What is tendonitis?
Even though tendons are tough, if you overuse them they can become sore and painful. This is called tendonitis.
Often called a stiff or “frozen shoulder,” adhesive capsulitis occurs in about 2% to 5% of the general population. It affects women more than men and typically occurs in people who are over the age of 45. Of the people who have had adhesive capsulitis in one shoulder, 20% to 30% will get it in the other shoulder.
Rotator cuff injury and inflammation is one of the most common causes of shoulder pain. There are three common conditions that can affect the rotator cuff: rotator cuff tendonitis, rotator cuff impingement syndrome and a rotator cuff tear. Most people with rotator cuff problems can be successfully treated by a combination of rest, painkillers, anti-inflammatories, physiotherapy and steroid injections. Surgery is sometimes an option.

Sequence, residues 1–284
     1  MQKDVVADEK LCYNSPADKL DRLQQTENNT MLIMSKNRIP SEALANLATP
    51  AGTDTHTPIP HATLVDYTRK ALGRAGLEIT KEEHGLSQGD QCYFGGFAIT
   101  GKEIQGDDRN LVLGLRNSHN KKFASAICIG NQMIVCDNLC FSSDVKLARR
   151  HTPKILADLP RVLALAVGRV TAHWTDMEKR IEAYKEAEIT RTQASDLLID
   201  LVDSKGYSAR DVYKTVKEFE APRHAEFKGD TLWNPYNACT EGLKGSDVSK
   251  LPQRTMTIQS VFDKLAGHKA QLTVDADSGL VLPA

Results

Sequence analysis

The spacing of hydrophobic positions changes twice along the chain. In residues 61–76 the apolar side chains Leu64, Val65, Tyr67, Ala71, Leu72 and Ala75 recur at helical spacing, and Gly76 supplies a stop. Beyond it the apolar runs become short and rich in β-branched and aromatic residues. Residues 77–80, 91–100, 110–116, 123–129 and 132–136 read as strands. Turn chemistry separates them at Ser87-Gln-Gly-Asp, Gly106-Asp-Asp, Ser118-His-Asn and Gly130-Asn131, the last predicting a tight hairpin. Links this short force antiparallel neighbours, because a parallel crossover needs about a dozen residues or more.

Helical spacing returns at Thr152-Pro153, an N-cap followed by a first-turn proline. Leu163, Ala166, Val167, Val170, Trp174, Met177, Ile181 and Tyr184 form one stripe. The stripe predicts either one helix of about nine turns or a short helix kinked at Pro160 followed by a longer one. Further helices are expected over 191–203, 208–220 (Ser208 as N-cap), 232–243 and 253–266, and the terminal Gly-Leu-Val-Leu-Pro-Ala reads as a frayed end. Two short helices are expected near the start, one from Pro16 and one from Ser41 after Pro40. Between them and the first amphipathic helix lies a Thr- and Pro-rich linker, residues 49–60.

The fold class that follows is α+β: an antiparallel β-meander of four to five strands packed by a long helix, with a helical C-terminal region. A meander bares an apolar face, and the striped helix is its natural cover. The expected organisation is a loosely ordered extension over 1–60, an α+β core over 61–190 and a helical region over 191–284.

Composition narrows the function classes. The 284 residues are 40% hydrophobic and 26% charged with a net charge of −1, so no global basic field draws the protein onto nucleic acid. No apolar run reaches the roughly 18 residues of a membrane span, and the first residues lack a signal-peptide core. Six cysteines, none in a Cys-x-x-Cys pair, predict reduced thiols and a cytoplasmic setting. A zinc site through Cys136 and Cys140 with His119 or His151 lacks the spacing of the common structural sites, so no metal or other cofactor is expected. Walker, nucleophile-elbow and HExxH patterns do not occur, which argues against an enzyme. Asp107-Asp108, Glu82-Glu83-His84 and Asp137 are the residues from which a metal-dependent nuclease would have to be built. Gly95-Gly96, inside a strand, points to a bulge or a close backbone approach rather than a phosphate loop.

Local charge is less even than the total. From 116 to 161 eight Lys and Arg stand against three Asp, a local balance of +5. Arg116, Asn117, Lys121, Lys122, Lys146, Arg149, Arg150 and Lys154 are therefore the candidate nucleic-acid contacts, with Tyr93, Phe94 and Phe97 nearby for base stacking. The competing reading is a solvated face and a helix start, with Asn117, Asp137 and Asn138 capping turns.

Shoulder impingement syndrome is a common cause of shoulder pain. It occurs when there is impingement of tendons or bursa in the shoulder from bones of the shoulder. Overhead activity of the shoulder, especially repeated activity, is a risk factor for shoulder impingement syndrome. Examples include: painting, lifting, swimming, tennis, and other overhead sports. Other risk factors include bone and joint abnormalities.
What is shoulder instability?
Shoulder instability is a problem that occurs when the structures that surround the shoulder joint do not work to keep the ball tightly within its socket. If the joint is too loose, it may slide partially out of place, a condition called shoulder subluxation. If the joint comes completely out of place, this is called a shoulder dislocation. Patients with shoulder instability often complain of an uncomfortable sensation that their shoulder may be about to shift out of place–this is what physicians call “apprehension.”
Sprains and strains are among the most common injuries in sports. Here are some facts about sprains and strains from the American Academy of Orthopaedic Surgeons.